It was Pius X who really put in concrete terms what his predecessors were already seeing: signs of that dreadful spiritual sickness prophesied by St. Paul:

You understand, Venerable Brethren, what this disease is—apostasy from God. —POPE ST. PIUS X, E Supremi, Encyclical On the Restoration of All Things in Christ, n. 3, 5; October 4th, 1903

That is essentially the context in which Cardinal Jorge Mario Bergoglio was elected as the 265th pontiff. Pope Francis seems to see that we are living in a time where, as Pope Pius XII put it, “The sin of the century is the loss of the sense of sin.” [3]1946 address to the United States Catechetical Congress Thus, the Synod in Rome is essentially bringing to the forefront the question of how to deal with people/couples who are living in an objective state of mortal sin. I say objectively because in order for someone’s soul to be in a state of mortal sin, not only must the matter be grave, but it must also be committed “with full knowledge and deliberate consent.” [4]Catechism of the Catholic Church, n. 1857

Here I pose a question. When the vast majority of Catholic couples are using contraception, when a great number of young Catholics are living together before marriage, when divorce rates are nearly as high as secular couples, and when there has been little to no faithful catechesis on morality from the pulpit… how culpable really are people today in terms of being in a state of actual mortal sin? How culpable are pastors who were formed and fashioned in liberal seminaries where many a soul’s faith was shipwrecked?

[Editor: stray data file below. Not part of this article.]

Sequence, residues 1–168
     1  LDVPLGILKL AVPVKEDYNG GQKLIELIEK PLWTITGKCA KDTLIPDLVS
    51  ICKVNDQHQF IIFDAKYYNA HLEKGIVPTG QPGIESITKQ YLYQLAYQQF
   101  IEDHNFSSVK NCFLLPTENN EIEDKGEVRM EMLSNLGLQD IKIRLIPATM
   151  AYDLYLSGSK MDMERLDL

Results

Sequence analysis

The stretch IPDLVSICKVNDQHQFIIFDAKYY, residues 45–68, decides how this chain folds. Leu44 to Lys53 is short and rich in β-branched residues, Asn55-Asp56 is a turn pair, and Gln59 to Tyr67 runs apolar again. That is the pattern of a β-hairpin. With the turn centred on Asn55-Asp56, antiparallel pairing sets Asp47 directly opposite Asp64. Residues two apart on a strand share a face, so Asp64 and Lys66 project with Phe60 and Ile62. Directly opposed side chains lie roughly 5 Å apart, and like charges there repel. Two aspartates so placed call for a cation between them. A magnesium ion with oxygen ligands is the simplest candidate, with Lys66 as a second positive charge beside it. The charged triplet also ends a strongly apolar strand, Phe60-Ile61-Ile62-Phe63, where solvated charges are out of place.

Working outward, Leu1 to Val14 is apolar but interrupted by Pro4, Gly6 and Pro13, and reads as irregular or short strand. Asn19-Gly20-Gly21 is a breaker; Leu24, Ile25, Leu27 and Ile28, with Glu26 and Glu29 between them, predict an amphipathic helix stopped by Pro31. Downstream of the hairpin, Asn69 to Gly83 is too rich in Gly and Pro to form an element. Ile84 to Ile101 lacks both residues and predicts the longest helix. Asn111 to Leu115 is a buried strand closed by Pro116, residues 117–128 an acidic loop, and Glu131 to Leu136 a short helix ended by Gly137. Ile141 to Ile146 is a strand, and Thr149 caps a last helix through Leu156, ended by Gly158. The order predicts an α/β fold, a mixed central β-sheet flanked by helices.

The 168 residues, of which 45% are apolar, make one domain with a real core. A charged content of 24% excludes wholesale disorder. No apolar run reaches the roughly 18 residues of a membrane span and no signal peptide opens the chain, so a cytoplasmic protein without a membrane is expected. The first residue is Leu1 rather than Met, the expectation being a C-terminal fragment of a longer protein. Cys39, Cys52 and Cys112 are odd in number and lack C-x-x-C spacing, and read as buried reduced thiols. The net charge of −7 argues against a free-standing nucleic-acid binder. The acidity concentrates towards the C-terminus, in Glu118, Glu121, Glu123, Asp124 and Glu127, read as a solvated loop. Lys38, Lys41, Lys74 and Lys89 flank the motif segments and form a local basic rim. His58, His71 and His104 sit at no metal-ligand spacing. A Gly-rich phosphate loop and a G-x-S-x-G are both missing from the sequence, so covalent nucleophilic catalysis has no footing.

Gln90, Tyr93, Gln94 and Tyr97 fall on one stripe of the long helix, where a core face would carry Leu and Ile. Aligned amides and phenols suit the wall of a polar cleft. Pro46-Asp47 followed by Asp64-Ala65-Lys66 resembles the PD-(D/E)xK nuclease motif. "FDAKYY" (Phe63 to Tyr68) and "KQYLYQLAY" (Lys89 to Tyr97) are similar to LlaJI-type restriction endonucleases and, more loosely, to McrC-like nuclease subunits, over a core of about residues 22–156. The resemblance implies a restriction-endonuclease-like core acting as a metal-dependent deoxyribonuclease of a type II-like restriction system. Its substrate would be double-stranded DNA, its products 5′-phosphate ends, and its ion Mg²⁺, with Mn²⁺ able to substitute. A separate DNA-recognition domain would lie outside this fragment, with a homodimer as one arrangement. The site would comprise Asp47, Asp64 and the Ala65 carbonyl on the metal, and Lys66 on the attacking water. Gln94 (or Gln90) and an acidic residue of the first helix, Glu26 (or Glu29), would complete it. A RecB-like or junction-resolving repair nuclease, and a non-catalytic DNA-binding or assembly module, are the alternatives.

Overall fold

I am not saying that people are not responsible nor that not being entirely culpable in grave sin is not a serious pastoral issue. No, it is really the issue when you consider why. (In another writing, I want to address specifically how much we do know when we are in sin.) So when the people are in such darkness, are we perhaps not in an hour similar to when Jesus came the first time? A time when the lost sheep of Israel desperately needed the Good Shepherd to find them? Isn’t this precisely why Jesus appeared to St. Faustina, dictating to her the incredible message of Divine Mercy at this very hour of this “plague of infidelity” and “apostasy”?

In the Old Covenant I sent prophets wielding thunderbolts to My people. Today I am sending you with My mercy to the people of the whole world. I do not want to punish aching mankind, but I desire to heal it, pressing it to My Merciful Heart. I use punishment when they themselves force Me to do so; My hand is reluctant to take hold of the sword of justice. Before the Day of Justice I am sending the Day of Mercy. —Jesus to St. Faustina, Divine Mercy in My Soul, Diary, n. 1588